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Montana politics, elections and legislative news.

Dark Money Group Found In Violation Of Campaign Law

Montana Free Press

HELENA — Montana Commissioner of Political Practices Jeff Mangan issued a decision on Friday, May 15, stating that the organization behind a late-March cable ad mentioning Republican gubernatorial candidate Tim Fox violated state campaign practice law. The organization, American Prosperity Group, purchased $28,837 worth of Montana airtime through cable provider Spectrum between March 24 and April 1, but did not register with the state as a political committee and did not file a finance report disclosing details about its fundraising and spending.

“By failing to file as a political committee and file 2020 committee finance reports, APG has deprived both the public, candidates, and competing committees of significant reportable contribution and expenditure activity,” Mangan wrote in his decision.

Mangan also found that APG failed to include adequate information in the ad’s attribution — specifically the name of the group’s treasurer and its address — and ordered APG to file the appropriate paperwork within five days. As of Sunday afternoon, a search for APG in the Office of Political Practices’ online database turned up no results, nor did a search of the Federal Election Commission’s database. Montana Free Press could find no website or online mention of a political organization named American Prosperity Group.

The complaint that triggered Mangan’s decision, which was lodged by Jeffrey Oestreicher of Helena, centered on an ad that depicted Fox and encouraged viewers to call him and tell him to “keep standing with President Trump to protect Montana families.” The ad did not directly state support for or opposition to Fox’s gubernatorial bid, and so falls into the category of “electioneering communication,” a type of paid communication defined by state statute as depicting a particular candidate or referencing a candidate, political party or ballot issue within 60 days of the initiation of voting in an election.

In response to the complaint and subsequent decision, Fox’s campaign stated Sunday via email, “We do not have any affiliation with this group.”

On April 29, Mangan’s office received a letter from APG through its legal counsel, Charlie Spies with the Washington, D.C.-based firm Dickinson Wright PLLC, arguing that the ad does not qualify as electioneering communication because it aired more than 60 days before the June 2 primary. Spies identified APG in that letter as a nonprofit “conservative public policy advocacy organization,” and included 16 pages of invoices documenting the Montana ad buy.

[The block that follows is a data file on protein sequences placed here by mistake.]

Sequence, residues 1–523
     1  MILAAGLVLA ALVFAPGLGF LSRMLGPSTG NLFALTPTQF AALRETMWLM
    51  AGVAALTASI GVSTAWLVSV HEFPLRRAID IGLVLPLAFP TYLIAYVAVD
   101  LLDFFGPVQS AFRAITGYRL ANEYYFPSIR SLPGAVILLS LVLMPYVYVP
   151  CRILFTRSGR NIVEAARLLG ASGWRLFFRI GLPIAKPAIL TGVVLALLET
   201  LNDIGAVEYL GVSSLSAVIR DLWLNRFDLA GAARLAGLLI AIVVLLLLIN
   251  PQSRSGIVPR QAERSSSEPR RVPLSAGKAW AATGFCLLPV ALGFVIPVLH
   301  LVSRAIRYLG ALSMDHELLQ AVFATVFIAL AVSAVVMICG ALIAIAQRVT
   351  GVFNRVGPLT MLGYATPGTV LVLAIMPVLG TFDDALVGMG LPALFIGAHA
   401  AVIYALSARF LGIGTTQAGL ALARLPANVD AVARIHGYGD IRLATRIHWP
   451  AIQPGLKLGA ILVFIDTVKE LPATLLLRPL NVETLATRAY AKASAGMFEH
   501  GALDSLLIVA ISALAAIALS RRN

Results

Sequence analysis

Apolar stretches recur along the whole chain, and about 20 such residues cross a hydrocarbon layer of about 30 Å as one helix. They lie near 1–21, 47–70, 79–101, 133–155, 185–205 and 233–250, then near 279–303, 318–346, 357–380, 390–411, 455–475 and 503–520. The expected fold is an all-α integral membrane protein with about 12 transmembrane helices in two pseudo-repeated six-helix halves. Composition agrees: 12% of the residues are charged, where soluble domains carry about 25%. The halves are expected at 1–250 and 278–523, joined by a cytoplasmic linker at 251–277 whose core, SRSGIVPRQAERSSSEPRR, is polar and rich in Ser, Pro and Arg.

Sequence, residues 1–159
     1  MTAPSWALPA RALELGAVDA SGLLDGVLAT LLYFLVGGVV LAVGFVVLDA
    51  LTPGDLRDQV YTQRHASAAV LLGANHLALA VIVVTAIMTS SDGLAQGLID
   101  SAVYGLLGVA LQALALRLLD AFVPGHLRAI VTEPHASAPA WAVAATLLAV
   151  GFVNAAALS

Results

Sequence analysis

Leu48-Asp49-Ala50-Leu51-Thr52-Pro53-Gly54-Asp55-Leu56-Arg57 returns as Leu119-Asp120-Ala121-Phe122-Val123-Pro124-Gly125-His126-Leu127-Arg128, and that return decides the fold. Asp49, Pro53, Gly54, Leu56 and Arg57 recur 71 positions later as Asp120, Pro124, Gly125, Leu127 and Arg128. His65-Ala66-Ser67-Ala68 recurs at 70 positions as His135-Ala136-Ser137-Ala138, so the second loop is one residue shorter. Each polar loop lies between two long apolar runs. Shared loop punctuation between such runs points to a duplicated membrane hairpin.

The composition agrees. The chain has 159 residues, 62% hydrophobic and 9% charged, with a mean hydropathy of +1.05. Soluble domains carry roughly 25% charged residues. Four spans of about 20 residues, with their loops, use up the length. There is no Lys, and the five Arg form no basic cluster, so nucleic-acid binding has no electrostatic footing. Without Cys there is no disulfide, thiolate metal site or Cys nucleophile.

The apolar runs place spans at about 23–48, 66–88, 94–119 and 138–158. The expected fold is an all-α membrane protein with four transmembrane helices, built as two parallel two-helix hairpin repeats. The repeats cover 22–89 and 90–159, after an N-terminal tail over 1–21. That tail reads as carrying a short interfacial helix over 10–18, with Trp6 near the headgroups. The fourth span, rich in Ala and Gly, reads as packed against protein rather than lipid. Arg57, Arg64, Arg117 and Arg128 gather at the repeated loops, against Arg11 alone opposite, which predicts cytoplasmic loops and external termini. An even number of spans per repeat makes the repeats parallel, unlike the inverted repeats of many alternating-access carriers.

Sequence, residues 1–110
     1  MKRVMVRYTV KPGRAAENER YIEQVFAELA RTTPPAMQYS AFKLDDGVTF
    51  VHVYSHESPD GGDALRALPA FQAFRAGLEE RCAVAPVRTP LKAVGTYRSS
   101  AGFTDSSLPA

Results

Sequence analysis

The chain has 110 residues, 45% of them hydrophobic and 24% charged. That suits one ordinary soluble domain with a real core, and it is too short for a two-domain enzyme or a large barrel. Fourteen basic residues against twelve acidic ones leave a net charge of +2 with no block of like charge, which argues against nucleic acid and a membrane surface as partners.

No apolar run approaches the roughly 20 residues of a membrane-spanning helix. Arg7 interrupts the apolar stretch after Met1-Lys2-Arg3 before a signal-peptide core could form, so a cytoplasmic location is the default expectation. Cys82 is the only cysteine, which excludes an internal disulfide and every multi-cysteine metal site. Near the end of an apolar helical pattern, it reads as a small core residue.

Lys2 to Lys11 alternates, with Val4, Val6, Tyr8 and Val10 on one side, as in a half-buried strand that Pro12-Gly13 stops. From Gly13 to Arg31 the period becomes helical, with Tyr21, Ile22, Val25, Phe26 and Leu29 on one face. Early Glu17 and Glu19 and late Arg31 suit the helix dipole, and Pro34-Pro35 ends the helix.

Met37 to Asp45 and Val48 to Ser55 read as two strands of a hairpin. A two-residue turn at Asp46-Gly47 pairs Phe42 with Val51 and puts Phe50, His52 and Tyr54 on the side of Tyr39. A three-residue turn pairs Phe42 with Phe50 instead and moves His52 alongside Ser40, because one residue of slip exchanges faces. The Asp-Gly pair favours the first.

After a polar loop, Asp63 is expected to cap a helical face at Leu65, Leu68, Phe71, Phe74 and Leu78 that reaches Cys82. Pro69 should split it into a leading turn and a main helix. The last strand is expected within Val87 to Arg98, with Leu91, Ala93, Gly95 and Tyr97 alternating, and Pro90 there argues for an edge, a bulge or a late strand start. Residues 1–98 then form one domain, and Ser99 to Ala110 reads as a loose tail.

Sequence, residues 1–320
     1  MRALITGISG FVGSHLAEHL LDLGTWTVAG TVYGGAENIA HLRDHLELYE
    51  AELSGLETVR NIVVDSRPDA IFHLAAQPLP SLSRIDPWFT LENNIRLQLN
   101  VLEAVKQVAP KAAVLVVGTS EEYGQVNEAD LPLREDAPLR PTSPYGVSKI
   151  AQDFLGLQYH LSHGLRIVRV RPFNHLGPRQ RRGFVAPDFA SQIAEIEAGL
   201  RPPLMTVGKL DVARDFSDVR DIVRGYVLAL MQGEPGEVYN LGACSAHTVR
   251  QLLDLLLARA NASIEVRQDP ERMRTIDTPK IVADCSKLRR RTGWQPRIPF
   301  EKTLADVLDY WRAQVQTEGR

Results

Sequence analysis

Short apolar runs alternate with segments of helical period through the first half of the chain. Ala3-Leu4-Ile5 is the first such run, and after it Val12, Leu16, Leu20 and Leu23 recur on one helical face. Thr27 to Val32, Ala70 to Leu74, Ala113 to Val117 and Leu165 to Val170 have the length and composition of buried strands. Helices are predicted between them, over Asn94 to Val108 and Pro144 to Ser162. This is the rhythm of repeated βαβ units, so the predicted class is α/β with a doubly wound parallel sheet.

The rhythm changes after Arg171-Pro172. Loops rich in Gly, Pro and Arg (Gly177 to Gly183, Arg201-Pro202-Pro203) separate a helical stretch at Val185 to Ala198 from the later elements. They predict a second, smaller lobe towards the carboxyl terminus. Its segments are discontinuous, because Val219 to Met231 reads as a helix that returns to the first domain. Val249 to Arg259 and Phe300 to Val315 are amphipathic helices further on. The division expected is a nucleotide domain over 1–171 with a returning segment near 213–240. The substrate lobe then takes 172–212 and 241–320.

“Based on all available information,” Spies wrote, “it is abundantly clear that APG has fully complied with Montana law and not triggered Montana regulation as a result of its advertisement.”

So-called advocacy nonprofits are not required under federal law to disclose their donors, hence the more common colloquial term “dark money” groups.

Spies previously served as chief financial officer and counsel to Mitt Romney’s 2008 presidential campaign before co-founding the Romney-supporting super PAC Restore Our Future in 2010. He also worked as treasurer and general counsel for the Jeb Bush-aligned Right to Rise USA super PAC during the 2016 primary cycle. Spies’ work with super PACs, which can raise unlimited amounts of money but are legally barred from donating to or strategizing with candidates, landed him a shared No. 2 spot on Politico’s “Politico 50” list of political influencers in 2015.


This story comes courtesy of Montana Free Press and is published under a BY-NC-ND 3.0 US Creative Commons license.

About Alex Sakariassen

Freelance writer Alex Sakariassen has spent the past decade writing long-form narrative stories that spotlight the people, the politics, and the wilds of Montana. A North Dakota native, Sakariassen splits his free time between Missoula’s ski slopes and the quiet trout water of the Rocky Mountain Front. Contact Alex by email at alex.sakariassen@gmail.com.

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